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She looked at the rotting, sun-blasted shack, the one room where they all lived, slept, made love, died. Looked at the dusty lawn where no grass grew. At the steaming swamp, at her tobacco-spitting mother. Saw the sly, lustful eyes of her father’s friends. Then she looked at her own lush beauty.
Get me out of here, she prayed. Oh, please get me out of here! I’ll pay any price.
toward the south side of town. I’d have to take the chance, and leave by the Sunshine Skyway Bridge, rather than go around by Tampa. Mrs. Timothy’s home wouldn’t lead me far from my route. On her street, I spotted the cruiser in the middle of the block. It was slowing in front of her house. I rode the brakes, pulling to the curb, and sat there. I had to have money, not much, but at least enough to get me down there. The cruiser’s spotlight flashed on the house, brightly picking out the house
“I’m going to shoot, Sullivan!” I took one look up there against the star-washed side of the hotel. DeGreef was thrust halfway out the window, and I saw the gleam of his gun. He fired. I dropped. There was nothing else to do. I crashed heavily into thick bushes, hitting hard, but the pitch of the roof had brought me at least a couple of yards down. The moment I struck, I started running around the side of the hotel, scrambling through hedges. My back felt broken and my knees sagged with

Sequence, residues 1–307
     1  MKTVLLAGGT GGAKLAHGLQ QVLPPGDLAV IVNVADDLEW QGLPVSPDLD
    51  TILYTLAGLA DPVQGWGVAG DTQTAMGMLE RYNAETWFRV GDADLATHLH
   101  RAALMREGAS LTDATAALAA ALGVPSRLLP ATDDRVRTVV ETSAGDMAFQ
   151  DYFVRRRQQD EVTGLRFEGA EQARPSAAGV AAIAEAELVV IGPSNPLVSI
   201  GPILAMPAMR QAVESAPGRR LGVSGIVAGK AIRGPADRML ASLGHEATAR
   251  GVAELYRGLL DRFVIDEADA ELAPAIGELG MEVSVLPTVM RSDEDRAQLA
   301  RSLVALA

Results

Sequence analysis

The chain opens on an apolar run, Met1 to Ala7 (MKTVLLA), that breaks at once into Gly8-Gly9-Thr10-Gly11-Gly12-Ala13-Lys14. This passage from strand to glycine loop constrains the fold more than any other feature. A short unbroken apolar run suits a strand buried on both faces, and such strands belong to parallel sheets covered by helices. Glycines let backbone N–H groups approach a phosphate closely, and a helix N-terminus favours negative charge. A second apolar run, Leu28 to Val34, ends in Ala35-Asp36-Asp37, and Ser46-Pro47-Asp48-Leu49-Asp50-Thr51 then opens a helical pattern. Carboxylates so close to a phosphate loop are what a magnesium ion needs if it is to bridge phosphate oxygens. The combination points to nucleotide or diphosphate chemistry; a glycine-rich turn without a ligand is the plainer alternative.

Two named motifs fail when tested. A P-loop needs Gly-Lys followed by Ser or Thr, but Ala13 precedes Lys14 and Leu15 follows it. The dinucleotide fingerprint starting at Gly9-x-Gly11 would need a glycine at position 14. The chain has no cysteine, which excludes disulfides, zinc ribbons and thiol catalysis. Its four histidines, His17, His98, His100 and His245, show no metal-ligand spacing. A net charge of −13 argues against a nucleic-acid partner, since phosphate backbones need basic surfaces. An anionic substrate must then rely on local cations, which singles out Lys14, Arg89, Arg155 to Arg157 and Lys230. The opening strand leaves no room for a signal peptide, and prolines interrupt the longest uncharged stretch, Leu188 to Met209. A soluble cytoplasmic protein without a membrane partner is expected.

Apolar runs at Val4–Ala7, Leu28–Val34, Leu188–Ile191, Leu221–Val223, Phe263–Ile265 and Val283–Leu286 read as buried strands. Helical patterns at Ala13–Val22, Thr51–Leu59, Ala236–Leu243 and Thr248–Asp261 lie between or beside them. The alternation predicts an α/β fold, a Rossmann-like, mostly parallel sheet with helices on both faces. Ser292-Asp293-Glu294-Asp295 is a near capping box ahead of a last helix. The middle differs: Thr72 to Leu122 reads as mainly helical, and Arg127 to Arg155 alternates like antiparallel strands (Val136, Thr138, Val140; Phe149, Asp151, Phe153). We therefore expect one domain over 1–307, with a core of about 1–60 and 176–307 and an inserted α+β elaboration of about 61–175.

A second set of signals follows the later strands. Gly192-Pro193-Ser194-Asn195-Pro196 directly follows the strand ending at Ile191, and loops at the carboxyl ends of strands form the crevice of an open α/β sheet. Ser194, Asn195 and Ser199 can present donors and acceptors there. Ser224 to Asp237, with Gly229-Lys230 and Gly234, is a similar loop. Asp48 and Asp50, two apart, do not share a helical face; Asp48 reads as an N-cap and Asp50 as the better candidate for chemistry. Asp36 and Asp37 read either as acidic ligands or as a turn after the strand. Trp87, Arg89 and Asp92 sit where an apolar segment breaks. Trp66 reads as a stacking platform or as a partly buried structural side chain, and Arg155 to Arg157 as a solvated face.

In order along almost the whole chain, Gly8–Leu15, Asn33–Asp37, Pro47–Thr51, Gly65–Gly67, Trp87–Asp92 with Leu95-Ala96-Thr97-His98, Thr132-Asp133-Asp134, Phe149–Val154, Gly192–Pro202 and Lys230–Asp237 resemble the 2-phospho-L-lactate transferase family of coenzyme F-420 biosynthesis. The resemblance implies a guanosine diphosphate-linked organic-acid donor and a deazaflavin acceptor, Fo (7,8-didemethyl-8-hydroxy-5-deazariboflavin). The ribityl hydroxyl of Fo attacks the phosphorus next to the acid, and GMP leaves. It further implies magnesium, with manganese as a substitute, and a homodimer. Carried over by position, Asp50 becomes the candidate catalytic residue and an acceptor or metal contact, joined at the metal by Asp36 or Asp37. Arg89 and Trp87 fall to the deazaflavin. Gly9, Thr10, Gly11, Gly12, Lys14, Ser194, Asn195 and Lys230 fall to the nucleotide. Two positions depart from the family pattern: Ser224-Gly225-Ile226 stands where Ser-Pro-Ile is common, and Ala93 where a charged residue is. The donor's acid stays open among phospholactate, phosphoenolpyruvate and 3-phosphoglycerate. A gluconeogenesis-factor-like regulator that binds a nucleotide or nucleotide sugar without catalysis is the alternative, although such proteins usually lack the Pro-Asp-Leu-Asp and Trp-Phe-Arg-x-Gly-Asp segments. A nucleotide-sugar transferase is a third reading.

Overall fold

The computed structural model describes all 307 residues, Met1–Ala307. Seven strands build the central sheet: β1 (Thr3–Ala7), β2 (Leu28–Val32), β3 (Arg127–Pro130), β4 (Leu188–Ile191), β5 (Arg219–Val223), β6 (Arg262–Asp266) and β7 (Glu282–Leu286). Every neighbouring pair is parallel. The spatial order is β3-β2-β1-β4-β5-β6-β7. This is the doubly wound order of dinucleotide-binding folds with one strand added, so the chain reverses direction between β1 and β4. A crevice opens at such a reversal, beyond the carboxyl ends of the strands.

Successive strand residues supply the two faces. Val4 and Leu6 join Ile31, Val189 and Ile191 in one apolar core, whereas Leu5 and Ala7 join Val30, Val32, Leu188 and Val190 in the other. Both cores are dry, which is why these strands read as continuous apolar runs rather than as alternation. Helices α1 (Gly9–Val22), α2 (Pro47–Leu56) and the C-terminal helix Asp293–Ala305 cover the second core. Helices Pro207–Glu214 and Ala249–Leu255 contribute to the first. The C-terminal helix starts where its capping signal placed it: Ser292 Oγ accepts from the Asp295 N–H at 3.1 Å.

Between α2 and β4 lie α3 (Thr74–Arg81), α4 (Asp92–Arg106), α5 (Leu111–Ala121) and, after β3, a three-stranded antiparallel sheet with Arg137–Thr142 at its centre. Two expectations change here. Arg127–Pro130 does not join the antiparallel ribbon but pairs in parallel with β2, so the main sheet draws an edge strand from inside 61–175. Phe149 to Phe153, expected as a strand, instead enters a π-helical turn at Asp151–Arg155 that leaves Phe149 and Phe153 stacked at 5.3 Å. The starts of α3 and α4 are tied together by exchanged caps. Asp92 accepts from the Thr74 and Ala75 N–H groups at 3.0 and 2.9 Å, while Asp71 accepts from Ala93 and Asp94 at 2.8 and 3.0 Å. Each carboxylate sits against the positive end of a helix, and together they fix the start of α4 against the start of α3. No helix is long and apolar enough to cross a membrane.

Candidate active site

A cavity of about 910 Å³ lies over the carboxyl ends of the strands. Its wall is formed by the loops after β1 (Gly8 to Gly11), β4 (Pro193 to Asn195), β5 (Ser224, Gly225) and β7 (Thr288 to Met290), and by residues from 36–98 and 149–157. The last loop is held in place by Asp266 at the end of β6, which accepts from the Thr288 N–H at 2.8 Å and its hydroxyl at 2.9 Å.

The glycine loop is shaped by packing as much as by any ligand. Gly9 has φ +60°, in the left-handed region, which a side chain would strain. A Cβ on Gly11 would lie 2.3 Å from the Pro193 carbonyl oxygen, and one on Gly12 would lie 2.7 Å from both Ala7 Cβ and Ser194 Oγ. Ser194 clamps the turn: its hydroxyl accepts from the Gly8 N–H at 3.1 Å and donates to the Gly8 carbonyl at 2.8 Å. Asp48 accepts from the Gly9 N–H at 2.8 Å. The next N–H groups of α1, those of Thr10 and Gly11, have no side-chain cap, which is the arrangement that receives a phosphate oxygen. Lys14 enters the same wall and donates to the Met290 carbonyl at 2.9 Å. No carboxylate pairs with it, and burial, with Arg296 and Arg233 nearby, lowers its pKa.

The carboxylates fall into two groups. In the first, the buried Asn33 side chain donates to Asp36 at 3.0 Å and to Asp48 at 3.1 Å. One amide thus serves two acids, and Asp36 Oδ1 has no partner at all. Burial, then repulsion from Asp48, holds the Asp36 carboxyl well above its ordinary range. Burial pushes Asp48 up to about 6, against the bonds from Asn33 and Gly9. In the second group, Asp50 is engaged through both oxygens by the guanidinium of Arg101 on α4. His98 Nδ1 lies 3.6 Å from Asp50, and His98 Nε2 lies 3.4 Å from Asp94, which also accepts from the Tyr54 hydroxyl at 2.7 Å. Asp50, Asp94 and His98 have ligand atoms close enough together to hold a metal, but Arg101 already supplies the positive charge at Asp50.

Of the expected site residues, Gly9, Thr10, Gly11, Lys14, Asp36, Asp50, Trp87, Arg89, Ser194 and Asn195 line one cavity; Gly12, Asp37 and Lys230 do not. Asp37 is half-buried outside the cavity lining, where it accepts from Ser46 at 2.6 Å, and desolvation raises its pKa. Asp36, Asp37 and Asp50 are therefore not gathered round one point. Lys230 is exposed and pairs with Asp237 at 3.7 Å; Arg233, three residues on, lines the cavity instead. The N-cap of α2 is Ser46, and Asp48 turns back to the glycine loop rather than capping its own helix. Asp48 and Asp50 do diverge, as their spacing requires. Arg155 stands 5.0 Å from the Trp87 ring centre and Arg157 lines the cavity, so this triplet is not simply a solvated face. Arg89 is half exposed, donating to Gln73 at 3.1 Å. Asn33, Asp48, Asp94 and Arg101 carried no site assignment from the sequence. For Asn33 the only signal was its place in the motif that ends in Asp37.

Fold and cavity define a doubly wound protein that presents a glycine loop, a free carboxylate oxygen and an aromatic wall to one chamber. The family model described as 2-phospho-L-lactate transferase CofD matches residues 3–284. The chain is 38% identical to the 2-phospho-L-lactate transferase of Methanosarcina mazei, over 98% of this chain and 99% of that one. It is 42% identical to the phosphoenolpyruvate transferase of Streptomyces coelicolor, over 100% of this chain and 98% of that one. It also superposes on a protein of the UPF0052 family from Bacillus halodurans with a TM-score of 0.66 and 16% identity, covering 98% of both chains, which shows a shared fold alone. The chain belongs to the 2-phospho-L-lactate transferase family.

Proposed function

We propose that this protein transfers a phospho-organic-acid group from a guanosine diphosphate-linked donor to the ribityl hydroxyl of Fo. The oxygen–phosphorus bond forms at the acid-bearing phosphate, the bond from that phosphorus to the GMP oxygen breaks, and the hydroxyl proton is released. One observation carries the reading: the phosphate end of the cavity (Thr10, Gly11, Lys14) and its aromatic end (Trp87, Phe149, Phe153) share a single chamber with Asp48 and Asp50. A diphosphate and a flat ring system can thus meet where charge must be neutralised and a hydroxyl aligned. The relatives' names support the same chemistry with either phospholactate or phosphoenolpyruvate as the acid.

wanted to meet anybody until I made sure DeGreef wasn’t around. Luz stood on the edge of the road, chewing slowly. “Morning, Luz.” He didn’t speak, waiting as I came up to him, never altering the rhythm of his chewing. In the cleared yard beyond which he stood, I saw the well-remembered cypress-sided house, and the river down there beyond the sloping bank. The pier. And standing in the yard, a battered old Pontiac sedan. Fogs shredded and slowly lifted around the sides of the house. Chickens
take it slow. There was no damned handle. “You got a guide?” the man said, rattling the change. “No. No guide.” I started walking away. “Be glad to fix you up with a guide.” “Thanks. I’ll be all right.” “Shouldn’t go traipsing around in there without you have no guide.” He started after me. I looked back. He spat, shuffling rapidly. “How’d you ever find this place without no guide?” “Just—fishing.” I kept going. He stopped, scratched his head, spat again, hauled out his newspaper and
that was an important part of it, in the beginning. “Nothing like this ever happened before,” she said. “I just made up my mind when I saw you. Believe what you like. I wanted it from you. I was waiting.” “It could have been somebody else.” “Yes, it could have. But it wasn’t.” “Doesn’t it seem a little screwy?” I said. “I never saw you before. It’s a case of rape, any way you look at it.” “Didn’t you want me?” “For hell’s sake.” “Well?” So she knew how I felt then and later, and how I